Ancient Monuments

History on the Ground

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Hazely Hill round cairn

A Scheduled Monument in Lowick, Northumberland

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Latitude: 55.6568 / 55°39'24"N

Longitude: -2.0724 / 2°4'20"W

OS Eastings: 395539.578744

OS Northings: 640366.624017

OS Grid: NT955403

Mapcode National: GBR F3Z1.30

Mapcode Global: WH9Z3.42DR

Entry Name: Hazely Hill round cairn

Scheduled Date: 25 July 1973

Source: Historic England

Source ID: 1002948

English Heritage Legacy ID: ND 554

County: Northumberland

Civil Parish: Lowick

Traditional County: Northumberland

Lieutenancy Area (Ceremonial County): Northumberland

Church of England Parish: Ford And Etal

Church of England Diocese: Newcastle


Hazely Hill round cairn, 140m north of the issue of Duddomill Burn.

Source: Historic England


This record was the subject of a minor enhancement on 1 June 2016. This record has been generated from an "old county number" (OCN) scheduling record. These are monuments that were not reviewed under the Monuments Protection Programme and are some of our oldest designation records.

The monument includes the remains of a round cairn of Bronze Age date, situated on the summit of Hazely Hill. The round cairn measures approximately 4.9m in diameter and is preserved as a low earthwork. It was partially excavated in 1863 and found to contain four cremation urns, an incense cup, a bronze pin and a bone pin. Situated above them was a Bronze Age pottery vessel known as a beaker, an additional urn and a flint flake.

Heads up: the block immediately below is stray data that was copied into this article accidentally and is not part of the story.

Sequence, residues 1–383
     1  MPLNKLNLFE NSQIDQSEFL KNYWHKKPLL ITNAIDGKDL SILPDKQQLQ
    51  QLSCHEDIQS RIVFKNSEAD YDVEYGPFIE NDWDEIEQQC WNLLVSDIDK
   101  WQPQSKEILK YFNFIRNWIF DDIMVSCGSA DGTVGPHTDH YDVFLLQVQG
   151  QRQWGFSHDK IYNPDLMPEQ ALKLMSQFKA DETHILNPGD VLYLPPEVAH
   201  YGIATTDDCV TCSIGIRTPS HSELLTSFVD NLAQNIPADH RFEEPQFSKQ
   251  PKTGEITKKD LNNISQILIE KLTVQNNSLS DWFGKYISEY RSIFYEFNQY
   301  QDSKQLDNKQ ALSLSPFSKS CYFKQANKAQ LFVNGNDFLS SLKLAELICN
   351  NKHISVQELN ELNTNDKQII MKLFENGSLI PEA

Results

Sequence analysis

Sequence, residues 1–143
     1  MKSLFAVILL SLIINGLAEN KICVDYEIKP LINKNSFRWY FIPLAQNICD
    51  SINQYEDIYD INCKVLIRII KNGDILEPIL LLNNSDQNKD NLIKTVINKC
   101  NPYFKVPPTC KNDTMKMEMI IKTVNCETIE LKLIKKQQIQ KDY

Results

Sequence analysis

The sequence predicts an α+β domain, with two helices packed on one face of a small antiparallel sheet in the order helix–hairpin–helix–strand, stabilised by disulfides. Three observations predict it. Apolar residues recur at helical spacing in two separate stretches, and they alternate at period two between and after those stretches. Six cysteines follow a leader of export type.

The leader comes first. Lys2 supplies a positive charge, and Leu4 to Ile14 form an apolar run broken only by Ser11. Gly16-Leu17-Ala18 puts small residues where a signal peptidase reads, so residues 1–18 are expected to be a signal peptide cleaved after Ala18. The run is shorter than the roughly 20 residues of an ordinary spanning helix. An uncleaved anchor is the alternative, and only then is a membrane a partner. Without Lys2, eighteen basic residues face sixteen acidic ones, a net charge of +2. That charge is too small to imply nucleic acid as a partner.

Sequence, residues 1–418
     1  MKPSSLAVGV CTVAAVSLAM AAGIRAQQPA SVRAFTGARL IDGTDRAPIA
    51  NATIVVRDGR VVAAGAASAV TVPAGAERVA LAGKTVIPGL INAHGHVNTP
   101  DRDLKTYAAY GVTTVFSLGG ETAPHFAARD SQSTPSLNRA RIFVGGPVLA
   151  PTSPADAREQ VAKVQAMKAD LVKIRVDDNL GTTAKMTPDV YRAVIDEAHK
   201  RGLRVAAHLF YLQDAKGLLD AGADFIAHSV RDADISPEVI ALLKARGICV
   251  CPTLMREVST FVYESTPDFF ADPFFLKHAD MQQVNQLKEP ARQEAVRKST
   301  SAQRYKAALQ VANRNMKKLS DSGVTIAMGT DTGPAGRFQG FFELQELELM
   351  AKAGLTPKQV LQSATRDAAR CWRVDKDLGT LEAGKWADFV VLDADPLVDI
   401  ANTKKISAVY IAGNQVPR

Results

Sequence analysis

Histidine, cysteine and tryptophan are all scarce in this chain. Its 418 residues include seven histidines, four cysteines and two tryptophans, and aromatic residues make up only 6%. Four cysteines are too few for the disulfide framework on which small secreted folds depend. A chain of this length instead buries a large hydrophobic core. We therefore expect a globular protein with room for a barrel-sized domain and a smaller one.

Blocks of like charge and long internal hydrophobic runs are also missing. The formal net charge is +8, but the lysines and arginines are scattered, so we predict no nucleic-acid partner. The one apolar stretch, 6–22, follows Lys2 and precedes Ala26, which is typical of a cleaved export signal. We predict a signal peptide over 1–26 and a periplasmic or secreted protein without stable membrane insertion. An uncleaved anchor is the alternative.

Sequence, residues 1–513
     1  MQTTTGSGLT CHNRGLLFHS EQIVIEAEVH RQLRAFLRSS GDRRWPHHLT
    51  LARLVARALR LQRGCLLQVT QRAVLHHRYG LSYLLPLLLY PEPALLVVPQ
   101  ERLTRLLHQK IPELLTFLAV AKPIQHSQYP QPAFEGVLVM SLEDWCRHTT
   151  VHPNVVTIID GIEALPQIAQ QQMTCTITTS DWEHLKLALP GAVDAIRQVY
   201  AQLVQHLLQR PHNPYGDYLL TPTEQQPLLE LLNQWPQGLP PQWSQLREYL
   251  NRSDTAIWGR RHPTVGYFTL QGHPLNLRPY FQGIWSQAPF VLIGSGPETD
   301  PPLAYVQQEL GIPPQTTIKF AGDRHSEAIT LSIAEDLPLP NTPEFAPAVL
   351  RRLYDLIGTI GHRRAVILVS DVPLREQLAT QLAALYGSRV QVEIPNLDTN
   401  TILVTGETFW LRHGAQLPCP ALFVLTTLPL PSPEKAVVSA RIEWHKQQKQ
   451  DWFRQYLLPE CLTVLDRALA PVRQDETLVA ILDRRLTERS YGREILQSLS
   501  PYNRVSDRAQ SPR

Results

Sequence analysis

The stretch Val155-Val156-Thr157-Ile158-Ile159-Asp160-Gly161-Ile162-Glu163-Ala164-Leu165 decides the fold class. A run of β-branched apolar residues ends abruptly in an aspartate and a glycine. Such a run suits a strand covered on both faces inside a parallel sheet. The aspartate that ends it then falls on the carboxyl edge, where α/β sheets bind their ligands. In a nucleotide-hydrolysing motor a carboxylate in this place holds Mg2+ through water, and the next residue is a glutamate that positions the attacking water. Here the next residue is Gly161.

Source: Historic England

Reasons for Scheduling

Round cairns are prehistoric funerary monuments dating to the Bronze Age (c.2000-700 BC). They were constructed as stone mounds covering single or multiple burials. These burials may be placed within the mound in stone-lined compartments called cists. In some cases the cairn was surrounded by a ditch. Often occupying prominent locations, cairns are a major visual element in the modern landscape. They are a relatively common feature of the uplands and are the stone equivalent of the earthen round barrows of the lowlands. Their considerable variation in form and longevity as a monument type provide important information on the diversity of beliefs and social organisation amongst early prehistoric communities. They are particularly representative of their period and a substantial proportion of surviving examples are considered worthy of protection.

Hazeley Hill round cairn is preserved as a low earthwork and excavation has revealed it to be a burial mound with surviving archaeological deposits relating to its use as a funerary monument. The cairn is representative of its period and provides insight into the character of funerary rituals in the earlier Bronze Age.

Source: Historic England


PastScape Monument No:- 4079

Source: Historic England

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